The importance of throwing
One of the core skills of fastpitch softball is throwing. The ability to throw well is often the difference between winning and losing games. Yet it also seems to be one of those aspects a lot of coaches gloss over.
I make this statement after watching the technique I see used as I travel from place to place. Everyone will warm up throwing, but it doesn’t seem like much emphasis is given to what’s being done. Many players will stand flat-footed, stride toward their partners without ever turning their bodies, and just sort of chuck the ball in their general direction. There’s no power, and no precision.
I think the reason a lot of this happens is that coaches are in a hurry to get to other skills. Yes, all the skills are important. But the statistic I continuously hear quoted is that 80% of all errors are throwing errors. If you could spend an extra 15 to 20 minutes of practice time to cut out 80% of your errors, don’t you think that would be time well spent?
To do it, coaches have to put strong emphasis on it. They have to provide a little “tough love” on it for their players. The players have to know the coach is serious not only about getting the ball there but how it’s being done.
A few years ago my team was having problems making basic throws. So I challenged them to throw and catch for one minute — just one minute — without throwing a ball away or dropping it. That little exercise took about 30 minutes to complete. But by the time we were done, the girls knew I was serious about it.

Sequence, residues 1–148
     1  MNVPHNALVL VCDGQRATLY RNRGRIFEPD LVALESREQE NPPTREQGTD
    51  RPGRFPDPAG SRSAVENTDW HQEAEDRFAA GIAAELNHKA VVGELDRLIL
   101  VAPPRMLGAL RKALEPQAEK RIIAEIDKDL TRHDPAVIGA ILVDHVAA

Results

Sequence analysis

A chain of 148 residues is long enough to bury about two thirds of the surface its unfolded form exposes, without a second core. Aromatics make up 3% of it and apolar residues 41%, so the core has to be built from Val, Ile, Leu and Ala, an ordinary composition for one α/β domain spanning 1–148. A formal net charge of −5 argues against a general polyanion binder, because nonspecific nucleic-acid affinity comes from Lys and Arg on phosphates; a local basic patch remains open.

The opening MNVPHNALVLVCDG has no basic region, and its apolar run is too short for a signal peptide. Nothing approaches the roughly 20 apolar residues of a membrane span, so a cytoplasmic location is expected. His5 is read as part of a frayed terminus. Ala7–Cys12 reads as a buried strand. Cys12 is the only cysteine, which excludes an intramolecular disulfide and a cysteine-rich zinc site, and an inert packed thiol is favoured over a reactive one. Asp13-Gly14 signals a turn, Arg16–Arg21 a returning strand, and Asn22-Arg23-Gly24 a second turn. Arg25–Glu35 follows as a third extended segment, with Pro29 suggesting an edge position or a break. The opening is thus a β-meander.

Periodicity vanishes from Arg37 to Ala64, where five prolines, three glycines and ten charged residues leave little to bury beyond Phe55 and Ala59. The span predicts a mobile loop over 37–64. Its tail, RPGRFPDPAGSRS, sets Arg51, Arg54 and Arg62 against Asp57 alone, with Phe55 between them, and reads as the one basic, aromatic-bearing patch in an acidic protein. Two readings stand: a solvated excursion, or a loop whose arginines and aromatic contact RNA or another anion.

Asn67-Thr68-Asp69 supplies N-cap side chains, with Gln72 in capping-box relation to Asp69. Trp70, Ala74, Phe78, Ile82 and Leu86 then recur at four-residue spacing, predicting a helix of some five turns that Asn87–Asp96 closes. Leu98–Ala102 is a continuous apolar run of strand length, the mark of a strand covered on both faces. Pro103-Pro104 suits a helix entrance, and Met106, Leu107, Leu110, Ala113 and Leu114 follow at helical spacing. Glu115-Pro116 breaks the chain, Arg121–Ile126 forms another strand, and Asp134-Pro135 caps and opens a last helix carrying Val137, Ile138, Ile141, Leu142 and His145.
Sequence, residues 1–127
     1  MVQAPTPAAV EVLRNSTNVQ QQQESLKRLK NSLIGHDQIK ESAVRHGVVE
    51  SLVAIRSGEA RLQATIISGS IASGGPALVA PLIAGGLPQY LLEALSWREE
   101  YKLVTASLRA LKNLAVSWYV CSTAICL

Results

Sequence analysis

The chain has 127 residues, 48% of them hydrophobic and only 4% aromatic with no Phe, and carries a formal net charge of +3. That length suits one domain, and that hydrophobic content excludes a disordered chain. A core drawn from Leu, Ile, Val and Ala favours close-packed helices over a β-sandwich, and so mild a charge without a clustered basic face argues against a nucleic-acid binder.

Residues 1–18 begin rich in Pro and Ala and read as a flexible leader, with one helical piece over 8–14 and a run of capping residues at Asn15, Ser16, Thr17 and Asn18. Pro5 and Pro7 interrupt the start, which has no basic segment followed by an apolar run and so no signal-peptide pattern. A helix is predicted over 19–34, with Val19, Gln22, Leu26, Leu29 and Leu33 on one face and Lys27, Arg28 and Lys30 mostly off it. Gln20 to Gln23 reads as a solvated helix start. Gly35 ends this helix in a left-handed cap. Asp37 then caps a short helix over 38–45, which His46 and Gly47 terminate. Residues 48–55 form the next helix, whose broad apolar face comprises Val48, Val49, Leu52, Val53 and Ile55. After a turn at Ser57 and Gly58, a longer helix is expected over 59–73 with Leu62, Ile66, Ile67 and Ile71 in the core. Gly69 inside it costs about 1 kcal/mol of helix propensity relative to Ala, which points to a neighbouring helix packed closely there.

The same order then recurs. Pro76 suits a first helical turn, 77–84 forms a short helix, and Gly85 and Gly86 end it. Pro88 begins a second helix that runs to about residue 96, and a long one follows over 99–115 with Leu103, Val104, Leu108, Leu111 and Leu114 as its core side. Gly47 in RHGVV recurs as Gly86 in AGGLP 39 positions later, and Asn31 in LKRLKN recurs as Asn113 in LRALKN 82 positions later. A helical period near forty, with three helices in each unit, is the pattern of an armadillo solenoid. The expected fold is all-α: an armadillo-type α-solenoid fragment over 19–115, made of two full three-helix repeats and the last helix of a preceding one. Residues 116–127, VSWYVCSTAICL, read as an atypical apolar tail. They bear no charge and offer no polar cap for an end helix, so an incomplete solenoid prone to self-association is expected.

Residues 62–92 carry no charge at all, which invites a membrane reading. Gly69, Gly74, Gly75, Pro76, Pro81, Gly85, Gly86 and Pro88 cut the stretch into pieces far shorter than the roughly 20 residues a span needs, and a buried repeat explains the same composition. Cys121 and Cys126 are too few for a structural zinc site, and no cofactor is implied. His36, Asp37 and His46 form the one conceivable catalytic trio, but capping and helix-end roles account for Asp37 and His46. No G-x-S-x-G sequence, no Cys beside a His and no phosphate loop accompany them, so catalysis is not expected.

These days we still spend a lot of time on it. We will run a four corners drill of some sort every practice. Sometimes it’s what half the team does while the other half is hitting. With four corners you put players at each base and have them throw in different patterns. Sometimes we use throw-down bases with shorter distances, and other times we use a full 60 feet.
Sometimes we do a combination of throwing and running. We put an even number of players at each base. The ball starts at home. Each player throws to the base to her left then runs to the base to her right. When we got really good at it last year, we used only one player per base and had a competition to see which group could complete it the fastest. It was fun, it was great conditioning (you really have to sprint to get to the base before the ball does) and it emphasized the importance of making good throws.
One final note. When our girls are warming up, we don’t just let them throw randomly. We walk through and correct their form. It’s the little things that eventually wind up costing you games. We try to make sure those little things are taken care of. It doesn’t mean we win every game. But it does put us in a better position.